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Greg Fischer was elected Louisville’s 50th mayor in 2010 and completed his third and final term in office on January 1, 2022.


Cited as a “businessman who just happened to be mayor”, Mayor Fischer is a national award winning entrepreneur and innovator who never shied away from hard work, ranging from being a crane operator on the docks of Kodiak, Alaska to co-inventing SerVend ice and beverage dispensing equipment.


Working with his brothers, he led the growth of SerVend International into a global firm nationally recognized for business and leadership excellence including a site visit finalist for the Malcolm Baldrige National Quality Award in 1997. Fischer was the chapter chair for the Louisville Young Presidents’ Organization (YPO). SerVend was acquired by Manitowoc, a Fortune 500 company, in 1997.

In 1999, Fischer founded Iceberg Ventures, a private investment firm, and he later co-founded bCatalyst, the first business accelerator in Louisville. Fischer has been a private investor and advisor to dozens of companies.

In 2011, Fischer brought his business expertise and love for building high-performance organizations to the Mayor’s office.


With the head of a businessman and heart of a social worker, Mayor Fischer set a path for Louisville’s economic renaissance, the recentering of the local economy around next stage technologies, an emphasis on equity and racial justice, and the launch of Evolve502 promise scholarships that provide a free college scholarship for every public high school graduate in the city.


During his tenure as mayor, Louisville added 80,000 jobs and 3,000 new businesses with an unprecedented  $100 million+ investment in affordable housing. 20,000 Louisvillians worked themselves out of poverty with an additional 20,000 moving into the middle class.


A record $24 billion dollars in capital construction is complete or underway ranging from the Ohio River Bridges Project to one hundred new hotels.


Fischer is credited with being the “father of bourbonism”, a new hospitality movement focused on Louisville’s leading position in the bourbon, tourism and local food scenes.


Fischer’s love for festivals and the arts was seen early in his life as a concert promoter that was later expanded in his time as mayor through the creation or expansion of festivals like WorldFest and Bourbon & Beyond. A vocal advocate for Louisvillian Muhammad Ali, Fischer is the executive producer of the film, City of Ali, and led the effort to rename the city’s airport to Louisville Muhammad Ali International Airport.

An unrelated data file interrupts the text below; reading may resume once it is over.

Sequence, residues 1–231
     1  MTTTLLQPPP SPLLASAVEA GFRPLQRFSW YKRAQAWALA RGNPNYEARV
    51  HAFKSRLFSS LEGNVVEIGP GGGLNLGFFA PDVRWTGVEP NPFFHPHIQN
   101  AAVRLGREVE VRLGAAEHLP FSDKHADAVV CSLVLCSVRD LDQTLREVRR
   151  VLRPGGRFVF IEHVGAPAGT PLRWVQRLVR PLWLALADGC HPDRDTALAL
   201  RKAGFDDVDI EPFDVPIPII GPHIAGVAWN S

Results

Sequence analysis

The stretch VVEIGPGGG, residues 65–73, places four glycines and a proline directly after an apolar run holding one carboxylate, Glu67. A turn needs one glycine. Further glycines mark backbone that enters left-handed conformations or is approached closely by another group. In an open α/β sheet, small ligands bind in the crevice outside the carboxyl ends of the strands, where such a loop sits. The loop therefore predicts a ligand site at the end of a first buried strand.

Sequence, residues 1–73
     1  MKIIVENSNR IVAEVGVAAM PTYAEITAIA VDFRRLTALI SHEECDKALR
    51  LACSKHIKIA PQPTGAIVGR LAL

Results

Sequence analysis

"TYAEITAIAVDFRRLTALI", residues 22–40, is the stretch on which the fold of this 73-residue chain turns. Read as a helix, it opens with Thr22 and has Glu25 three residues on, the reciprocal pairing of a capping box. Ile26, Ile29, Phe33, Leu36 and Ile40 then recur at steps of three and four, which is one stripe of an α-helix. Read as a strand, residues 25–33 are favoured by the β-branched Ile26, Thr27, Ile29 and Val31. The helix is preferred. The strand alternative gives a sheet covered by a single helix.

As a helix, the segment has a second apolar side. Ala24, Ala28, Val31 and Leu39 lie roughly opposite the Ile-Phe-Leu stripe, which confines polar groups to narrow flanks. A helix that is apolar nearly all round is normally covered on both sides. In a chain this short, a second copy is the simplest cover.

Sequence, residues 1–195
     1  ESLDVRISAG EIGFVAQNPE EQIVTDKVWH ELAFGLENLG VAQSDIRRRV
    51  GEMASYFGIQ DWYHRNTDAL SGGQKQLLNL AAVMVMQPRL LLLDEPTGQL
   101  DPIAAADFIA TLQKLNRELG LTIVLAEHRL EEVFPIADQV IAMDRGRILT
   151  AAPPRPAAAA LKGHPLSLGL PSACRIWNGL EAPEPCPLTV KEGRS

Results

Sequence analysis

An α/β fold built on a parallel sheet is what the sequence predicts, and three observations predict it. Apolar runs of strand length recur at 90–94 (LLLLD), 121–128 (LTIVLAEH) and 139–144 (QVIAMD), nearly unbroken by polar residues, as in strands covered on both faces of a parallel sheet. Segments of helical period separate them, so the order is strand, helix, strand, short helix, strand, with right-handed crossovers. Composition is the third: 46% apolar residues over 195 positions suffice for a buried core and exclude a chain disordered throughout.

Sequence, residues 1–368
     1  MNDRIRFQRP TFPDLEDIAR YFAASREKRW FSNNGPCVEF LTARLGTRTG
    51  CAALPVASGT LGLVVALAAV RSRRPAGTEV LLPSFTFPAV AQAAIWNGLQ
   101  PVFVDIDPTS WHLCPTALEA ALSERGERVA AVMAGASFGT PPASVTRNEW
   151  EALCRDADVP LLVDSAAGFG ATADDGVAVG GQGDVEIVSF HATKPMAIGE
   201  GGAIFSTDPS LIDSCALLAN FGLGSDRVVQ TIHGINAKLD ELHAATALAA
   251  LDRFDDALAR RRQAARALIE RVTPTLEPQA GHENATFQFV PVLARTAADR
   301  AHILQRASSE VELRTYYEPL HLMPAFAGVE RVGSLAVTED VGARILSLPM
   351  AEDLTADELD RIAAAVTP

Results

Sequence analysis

Louisville’s emergence as a global city was complemented by a 40% increase in foreign-born residents during the mayor’s term. Louisville also was named the International Model City for Compassion four times and for the last seven years of the mayor’s term achieved a perfect score on the Human Rights Campaign’s Municipal Equality Index. In 2018, Louisville was named a Top 15 city for attracting millennials.


When historic challenges struck Louisville and America in 2020, the Mayor further accelerated his administration’s focus on public safety and police-community relations; addressed systemic racism and police reform; and marshaled all resources to hasten Louisville’s recovery from COVID-19.


In 2020, Mayor Fischer was elected by the mayors of America to be president of the U.S. Conference of Mayors. Governing Magazine named Mayor Fischer Public Official of the Year in 2013. A 2016 Politico survey named him as the most innovative mayor in America.


Mayor Fischer is a graduate of Trinity High School and Vanderbilt University. He is married to Dr. Alexandra Gerassimides, the daughter of Greek immigrants who were uprooted during the Greek Civil War. The couple have four adult children and two grandchildren.

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